Astrophotography - Stacking images with GMIC command line

Hi,

I’m trying to stack a bunch of astro pictures using gmic’s -blend_median or -median_files option:

gmic -median_files file{0..N}.tif output.tif,ushort

However, whatever option I use, the command below produces a list of files, like so:

output_000000.tif
output_000001.tif
output_000002.tif
etc.

To my understanding there should be only one output file. What am I doing wrong?

Thank you!

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Try

gmic median_files *.tif normalize 0,65535 round output output.tif

– Newer versions of G’MIC don’t require - in front of commands.
– Unlike ImageMagick, you need to use the command output to output files.
– I typically normalize or cut and then round to prevent the need for ushort.

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I would write:

$ gmic median_files \*.tif o output.tif,ushort

(at least on linux). Give a try in case the single *.tiff does not work.
That is due to the fact your shell may expand *.tiff before actually running the gmic command.

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Hi,

$ gmic median_files \*.tif o output.tif,ushort
[gmic]-0./ Start G'MIC interpreter.
[gmic]-0./ Input file 'median_files' at position 0
[gmic]-0./ *** Error *** Unknown filename 'median_files'.

my gmic doesn’t like doesless :cry:

gmic -version
[gmic]-0./ Start G'MIC interpreter.

  gmic: GREYC's Magic for Image Computing.

        Version 1.7.9, Copyright (c) 2008-2016, David Tschumperle.
        (http://gmic.eu)

Apparently I’m using a pretty old version (installed from Ubuntu repositories - 18.10 I think)

Apart from that, what’s the benefit of using normalize and round instead of ushort?

Thank you David!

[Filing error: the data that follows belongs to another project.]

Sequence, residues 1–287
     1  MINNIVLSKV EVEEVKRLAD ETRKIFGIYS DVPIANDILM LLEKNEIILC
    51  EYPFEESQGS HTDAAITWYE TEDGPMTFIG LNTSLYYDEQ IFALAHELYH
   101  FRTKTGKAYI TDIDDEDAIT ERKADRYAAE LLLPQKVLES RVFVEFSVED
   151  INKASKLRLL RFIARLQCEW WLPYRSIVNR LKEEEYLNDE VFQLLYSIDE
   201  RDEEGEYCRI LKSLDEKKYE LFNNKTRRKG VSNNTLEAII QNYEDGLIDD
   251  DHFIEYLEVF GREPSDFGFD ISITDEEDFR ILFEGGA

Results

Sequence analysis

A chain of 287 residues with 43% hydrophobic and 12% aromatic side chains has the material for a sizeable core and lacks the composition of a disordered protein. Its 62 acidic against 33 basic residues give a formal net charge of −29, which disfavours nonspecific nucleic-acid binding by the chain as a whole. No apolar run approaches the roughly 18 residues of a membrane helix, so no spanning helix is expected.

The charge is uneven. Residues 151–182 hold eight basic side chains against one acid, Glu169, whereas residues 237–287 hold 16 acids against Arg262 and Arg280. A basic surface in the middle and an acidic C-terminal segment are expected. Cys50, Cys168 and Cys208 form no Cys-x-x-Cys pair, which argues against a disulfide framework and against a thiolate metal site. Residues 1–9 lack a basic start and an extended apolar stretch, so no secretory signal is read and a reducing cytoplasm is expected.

I didn’t realize that gmic does it’s own glob expansion. I fully relied on my shell’s glob expansion. :slight_smile:

Mainly because I wrote a script to recursively blend huge stacks of pictures (like 100 or so) to prevent memory exhaustion. However, I just tried gmic’s expansion on 16 pictures and it worked well. Now I’m running it with 64.

But I need to do a better job in aligning the pictures :sweat_smile:

Just a note about that:
We propose up-to-date packages for Ubuntu, on the G’MIC page: https://gmic.eu/download.shtml
You have first to uninstall all gmic related packages to make sure you won’t get conflicts with the separated packages provided in the Ubuntu repositories, then download the one from the G’MIC page (probably https://gmic.eu/files/linux/gmic_ubuntu_cosmic_amd64.deb if you are using Ubuntu 18.10). And install it with $ sudo dpkg -i gmic_ubuntu_cosmic_amd64.deb.
It will install both the CLI tool and the plug-ins for GIMP and Krita.

I don’t think normalize is needed in your case, it’s an extra processing step you may want to do but not necessarily. The use of round is pertinent because it avoids a simple cast from float to ushort and makes a rounding instead (but I guess this should be the default actually, but right now, it isn’t).

Thank you very much! I was just looking for up to date packages, now I will use yours right away! :blush:

Thank you for the explanation! Then I stick with ushort to keep it simple.

Btw. just stacked 64 images without problems. So much for my shell script. :smile: However, great program! Thank you for your work! :+1:

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Just a note :

In next version, rounding from floating values to integers will be done automatically when saving an image to an integer-encoded format.

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Wait a sec: if I saved *.gmz, which I normally do for intermediary steps, I would get rounded values? I always thought that those were float file formats, while JPG, etc., were integer…

No, rounding occurs only if you specify one of the char,uchar,short,ushort,int,uint datatype when saving this type of files.
Typically:

$ gmic 100,100,1,3 fill 128.75 o foo.tiff,uchar

will result in a .tiff file with all values being 129 (rather than 128 as it is with latest stable version of G’MIC).
If you don’t specify the output datatype, then float is used as default (thus, the values are not rounded).

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